The mako is the fastest shark in the ocean. But it's also fast running into trouble.
Data obtained by Newshub shows last year alone more than 1200 mako were caught by commercial fishing vessels.
Internationally, the shark is considered endangered. However, the Department of Conservation (DoC) says the population here is "not threatened".
Newshub investigates the plight of one our most misunderstood creatures of the deep.
Known as the cheetahs of the sea, the mako is an agile, efficient hunter. It's feared, even criticised - but an animal critical to our oceans.
"They're the regulators of the entire system. If you remove sharks, you risk the collapse of the entire system beneath them," says conservationist and documentary-maker Shawn Heinrichs.
Off the coast of Tairua in the Coromandel, Newshub is on a mission to document the mako in an expedition led by shark scientist Riley Elliot. Old tuna frames are used to lure them in.
"So basically, the longer the bread trail, so to speak, the greater the probability of an animal swimming through it and coming," Elliot tells Newshub.
After a couple of hours, the first fins emerge - first a hammerhead and then the more boisterous mako.
Once in the water, two more mako appear - one entangled in fishing gear. It has a large hook in its mouth with a large two-metre-long purple trace hanging out the back.
Most mako are caught by commercial tuna longline vessels. The surface longline fleet hooked 1128 mako sharks last year - 78 by deepwater longliners. Another 33 were caught in trawl nets and 20 in set nets or purse seine nets.
These figures are what vessel skippers reported. Only 10.5 percent of all surface longline fishing trips last year actually had an observer onboard.
Forest & Bird marine consultant Kat Goddard says on the occasion that observers are on board, they record more bycatch than what fishermen do.
And she says there are other worrying practices.
"We do know that some fishermen are catching them, killing them at sea to get their traces back and then dumping them at sea," says Goddard.
"The big risk we have is just the unknown nature of how we are impacting them," Elliot adds.
"Without adequate reporting, or observer coverage or camera monitoring, we don't really know what's going on out there."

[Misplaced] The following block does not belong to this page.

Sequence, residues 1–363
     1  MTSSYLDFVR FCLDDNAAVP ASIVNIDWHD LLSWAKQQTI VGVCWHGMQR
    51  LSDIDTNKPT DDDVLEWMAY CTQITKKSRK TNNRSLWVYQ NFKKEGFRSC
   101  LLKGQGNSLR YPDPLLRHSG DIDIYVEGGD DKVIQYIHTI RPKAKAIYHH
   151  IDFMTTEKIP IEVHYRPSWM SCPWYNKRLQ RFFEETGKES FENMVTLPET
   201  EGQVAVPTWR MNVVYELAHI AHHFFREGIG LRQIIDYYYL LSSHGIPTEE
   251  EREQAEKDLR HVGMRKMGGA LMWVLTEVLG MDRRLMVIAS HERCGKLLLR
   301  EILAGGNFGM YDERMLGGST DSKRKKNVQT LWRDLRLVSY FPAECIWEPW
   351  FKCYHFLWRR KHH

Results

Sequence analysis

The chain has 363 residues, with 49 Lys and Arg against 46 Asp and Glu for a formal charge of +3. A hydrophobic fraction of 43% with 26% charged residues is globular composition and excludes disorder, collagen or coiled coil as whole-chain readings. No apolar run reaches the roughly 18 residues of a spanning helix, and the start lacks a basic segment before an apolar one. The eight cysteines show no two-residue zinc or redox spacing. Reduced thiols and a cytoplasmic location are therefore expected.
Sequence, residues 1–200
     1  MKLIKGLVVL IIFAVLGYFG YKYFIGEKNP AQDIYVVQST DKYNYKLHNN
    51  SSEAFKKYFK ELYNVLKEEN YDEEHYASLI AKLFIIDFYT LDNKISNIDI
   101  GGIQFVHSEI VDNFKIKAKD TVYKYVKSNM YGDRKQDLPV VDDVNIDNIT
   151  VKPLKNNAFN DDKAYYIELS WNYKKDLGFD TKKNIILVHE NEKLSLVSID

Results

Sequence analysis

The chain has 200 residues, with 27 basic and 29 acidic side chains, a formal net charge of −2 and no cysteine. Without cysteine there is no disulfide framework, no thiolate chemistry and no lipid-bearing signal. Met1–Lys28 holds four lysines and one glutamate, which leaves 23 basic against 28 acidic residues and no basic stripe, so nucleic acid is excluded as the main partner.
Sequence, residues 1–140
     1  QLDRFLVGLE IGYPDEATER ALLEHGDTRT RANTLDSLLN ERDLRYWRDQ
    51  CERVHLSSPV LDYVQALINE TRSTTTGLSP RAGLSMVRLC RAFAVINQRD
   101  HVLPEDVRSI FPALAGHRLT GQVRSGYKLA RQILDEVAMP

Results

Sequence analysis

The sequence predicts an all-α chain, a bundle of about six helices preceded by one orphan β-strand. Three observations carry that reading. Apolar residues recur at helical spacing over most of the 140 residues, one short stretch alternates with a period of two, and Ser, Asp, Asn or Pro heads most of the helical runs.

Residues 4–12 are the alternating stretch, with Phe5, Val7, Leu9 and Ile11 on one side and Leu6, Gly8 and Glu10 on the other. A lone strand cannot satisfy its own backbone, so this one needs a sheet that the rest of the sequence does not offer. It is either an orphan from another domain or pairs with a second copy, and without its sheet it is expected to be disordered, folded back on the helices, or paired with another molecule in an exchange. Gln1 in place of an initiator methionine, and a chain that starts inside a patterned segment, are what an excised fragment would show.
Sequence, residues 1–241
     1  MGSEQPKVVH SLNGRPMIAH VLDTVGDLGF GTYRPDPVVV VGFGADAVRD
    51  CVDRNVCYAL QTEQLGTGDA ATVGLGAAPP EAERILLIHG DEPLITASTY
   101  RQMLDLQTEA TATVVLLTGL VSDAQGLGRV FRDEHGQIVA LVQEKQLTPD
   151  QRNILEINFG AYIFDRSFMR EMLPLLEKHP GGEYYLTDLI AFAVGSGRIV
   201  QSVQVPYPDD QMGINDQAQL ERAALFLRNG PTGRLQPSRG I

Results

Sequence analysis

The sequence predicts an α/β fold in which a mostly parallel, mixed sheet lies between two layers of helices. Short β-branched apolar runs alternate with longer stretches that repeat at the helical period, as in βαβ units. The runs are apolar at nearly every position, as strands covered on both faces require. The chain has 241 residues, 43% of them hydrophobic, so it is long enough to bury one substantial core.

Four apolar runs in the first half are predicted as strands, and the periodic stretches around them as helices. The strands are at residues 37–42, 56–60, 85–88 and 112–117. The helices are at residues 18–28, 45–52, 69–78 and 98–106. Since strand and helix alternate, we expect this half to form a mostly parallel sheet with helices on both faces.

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What we do know is that last year Ministry for Primary Industries' observer data showed 55 percent of makos caught were released alive. Meanwhile, 5 percent were brought back to shore and 40 percent were thrown back dead.
"Over the past 10 years, we've reduced the catch limits for mako shark," says Fisheries NZ principal adviser Dr Shelton Harley.
"We banned shark finning in 2014 and we recently banned the use of wire leaders which make it harder for mako sharks to escape."
Heinrichs has been here filming a documentary on the mako.
"New Zealand is one of the last strongholds for these animals. Across the entire oceans, because of largely bycatch in tuna fisheries, their numbers have been severely depleted," he says.
The mako was given protections with trade regulations introduced at a wildlife conference in Geneva last year. However, New Zealand was among 40 nations that didn't want to protect it.
"If New Zealand really considers itself to be an environmental leader, if you are home to one of those last remaining populations, it's a duty and an obligation to protect it," Heinrichs says.
DoC didn't back the protective measures, saying while the shortfin mako population is declining in some areas worldwide, "the global population is large with over 20 million individuals".
However, Fisheries New Zealand's own report stated last year: "There have been no stock assessments of mako sharks in New Zealand, or elsewhere in the world".
Despite this, MPI insists the species is not at risk.
"The best available information at the moment for the whole South Pacific stock of mako shark is that the population is stable or increasing," Dr Harley says.
Sealord says it caught 110 mako sharks last year. Dead or alive, all were left at sea.
But their skippers try to avoid them.
"So what we do is we look at what are we catching, where are we catching it and then if there is evidence that in those areas you get a greater proportion of shark species, then you don't fish in those trawl tracks, so we don't do them again," says Sealord CEO Doug Paulin.
DoC says the species are not threatened here. But Elliot says we could do more to protect them instead of waiting for their numbers to dwindle.
"I think we just got to come together and realise we don't have the appropriate amount of data on these animals - how many we're catching and killing and they deserve it," he says.
"They're endangered and they're an incredibly important part of the marine ecosystem and that's fact."
Loathe them or love them - Elliot says exploiting an endangered animal is not acceptable.
Even though mako shark meat is of value, Paulin says all mako catch, whether dead or alive, is left at sea.
Newshub wanted to know what happens to the dozens of mako that are landed by other companies.
Surprisingly, neither Fisheries NZ nor the industry could tell us.
Newshub will have more on fisheries bycatch, including seabirds and other marine mammals, on Monday.